The company’s lawsuit (read it here), filed in Delaware Superior Court, seeks more than $300 million in damages. The suit was filed in Delaware Superior Court.
SbotSpotter technology is used to monitor gunshots in high crime neighborhoods, detecting the sound and location. According to the Associated Press, the company’s technology has been installed in about 110 American cities.
In the lawsuit, the company cited a July 26 story by Todd Feathers, with the headline, “Police Are Telling ShotSpotter to Alter Evidence from Gunshot-Detecting AI,” that appeared on Vice Media’s Motherboard vertical.
According to Feathers’ story, a review of court documents from cases and trials Chicago and New York State suggested “that the company’s analysts frequently modify alerts at the request of police departments—some of which appear to be grasping for evidence that supports their narrative of events.”
A Vice spokesperson declined comment. The company is said to be confident that its rebuttal will show that the ShotSpotter claims are baseless and inaccurate.
In the lawsuit, ShotSpotter said that it informed Feathers before publication that “evidence collected by the ShotSpotter system has been used by both prosecutors and defendants in 190 court cases in 20 states over the years. As court records reflect, no court has ever found that ShotSpotter altered or fabricated evidence.”
The Motherboard story focused on several cases including that of Michael Williams, who was arrested by Chicago police in the shooting death of a 25-year-old man last year, with police using the ShotSpotter technology. According to the piece, a ShotSpotter analyst overrode algorithms and reclassified a sound as a gunshot and also changed the alert’s coordinates from a mile away from where the murder was said to have occurred to a location “near where Williams’ car was seen on camera.”
But in the lawsuit, ShotSpotter said that the claim was “demonstrably false.”
“Although the street address for the entrance to the park is approximately a mile away from the coordinates of the intersection where ShotSpotter geolocated the gunfire on the edge of the park, Feathers and Vice’s other agents knew before publication that ShotSpotter did not change the coordinates of the gunfire by ‘more than a mile,’ but that ShotSpotter’s real-time alert had provided law enforcement with both the street address for the entrance to the park and specific latitudinal and longitudinal coordinates corresponding to the intersection on the edge of the park,” the lawsuit stated.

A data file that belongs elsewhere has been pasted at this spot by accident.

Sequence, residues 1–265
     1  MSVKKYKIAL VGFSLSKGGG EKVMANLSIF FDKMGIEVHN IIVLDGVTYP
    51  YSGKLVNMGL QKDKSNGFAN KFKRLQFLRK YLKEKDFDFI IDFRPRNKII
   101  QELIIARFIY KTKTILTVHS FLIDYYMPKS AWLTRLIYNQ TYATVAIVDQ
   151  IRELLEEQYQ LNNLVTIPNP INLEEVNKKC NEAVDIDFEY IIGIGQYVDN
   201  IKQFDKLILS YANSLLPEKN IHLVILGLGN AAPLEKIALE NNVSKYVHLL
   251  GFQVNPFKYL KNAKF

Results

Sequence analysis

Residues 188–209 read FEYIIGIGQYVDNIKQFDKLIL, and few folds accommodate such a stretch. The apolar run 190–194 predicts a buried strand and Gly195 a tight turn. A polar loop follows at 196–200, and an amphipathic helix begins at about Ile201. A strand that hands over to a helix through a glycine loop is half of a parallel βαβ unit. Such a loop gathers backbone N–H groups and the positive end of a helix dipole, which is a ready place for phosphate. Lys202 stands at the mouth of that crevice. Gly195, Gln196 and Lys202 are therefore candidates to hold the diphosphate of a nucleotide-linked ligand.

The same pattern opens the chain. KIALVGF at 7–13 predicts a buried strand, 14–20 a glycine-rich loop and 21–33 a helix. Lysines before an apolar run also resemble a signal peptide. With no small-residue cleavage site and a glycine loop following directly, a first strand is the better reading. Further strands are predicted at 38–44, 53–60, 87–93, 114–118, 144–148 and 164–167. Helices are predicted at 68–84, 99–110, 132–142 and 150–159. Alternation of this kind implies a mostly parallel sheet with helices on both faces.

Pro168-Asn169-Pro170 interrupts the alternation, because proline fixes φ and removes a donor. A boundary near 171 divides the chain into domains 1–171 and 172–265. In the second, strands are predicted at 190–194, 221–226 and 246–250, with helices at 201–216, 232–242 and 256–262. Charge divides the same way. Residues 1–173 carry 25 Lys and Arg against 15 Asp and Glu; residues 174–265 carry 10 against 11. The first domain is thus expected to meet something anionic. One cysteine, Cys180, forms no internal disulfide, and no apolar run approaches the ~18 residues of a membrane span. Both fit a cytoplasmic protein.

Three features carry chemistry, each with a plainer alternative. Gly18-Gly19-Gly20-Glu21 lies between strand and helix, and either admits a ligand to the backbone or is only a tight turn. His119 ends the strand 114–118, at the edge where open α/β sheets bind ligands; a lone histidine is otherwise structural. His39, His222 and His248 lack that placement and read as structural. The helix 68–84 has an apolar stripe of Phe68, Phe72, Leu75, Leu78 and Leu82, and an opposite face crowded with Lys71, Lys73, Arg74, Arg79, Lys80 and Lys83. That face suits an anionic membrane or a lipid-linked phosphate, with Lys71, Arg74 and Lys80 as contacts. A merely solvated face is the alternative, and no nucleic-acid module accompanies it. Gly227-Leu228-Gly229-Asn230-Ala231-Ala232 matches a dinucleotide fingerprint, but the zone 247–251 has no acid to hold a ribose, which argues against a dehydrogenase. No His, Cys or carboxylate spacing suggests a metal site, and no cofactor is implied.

The ShotSpotter evidence was withdrawn by prosecutors, but the company claimed that Motherboard misrepresented the reason. According to the lawsuit, the prosecution’s decision had to do with their theory of the case, that the victim was shot inside a car. According to the lawsuit, the company reminded prosecutors “that ShotSpotter expert testimony and evidence would not support the prosecution’s theory of the case because—as set forth in ShotSpotter’s contracts and the detailed forensic report itself—ShotSpotter’s technology is only guaranteed to locate shots fired outdoors, not inside a car.”
The lawsuit also accused Vice Media of spreading the misinformation on a podcast, with the claim that the data was altered so that a firework was later called a gunshot.
“Vice deliberately concealed from listeners that ShotSpotter’s human analyst was unquestionably correct: the victim was killed by a gunshot, not a firework,” the lawsuit claimed.
The lawsuit also contended that Vice Media “intentionally misrepresented” court records in support of “their false preconceived narrative and their ‘subversive” branding and marketing strategy.'”
The company said that Vice Media’s reporting has endangered its current and future contracts, and that its stock was shorted. It is seeking at least $50 million in general damages, $50 million in lost profits, $100 million in lost enterprise value, and $100 million in punitive damages, as well as $100,000 spent on a campaign “combatting the disinformation.”
ShotSpotter has been the subject of other media scrutiny as well, including an Associated Press investigative piece in August that “identified a number of serious flaws in using ShotSpotter as evidentiary support for prosecutors.” The Daily Beast first reported on the defamation lawsuit.
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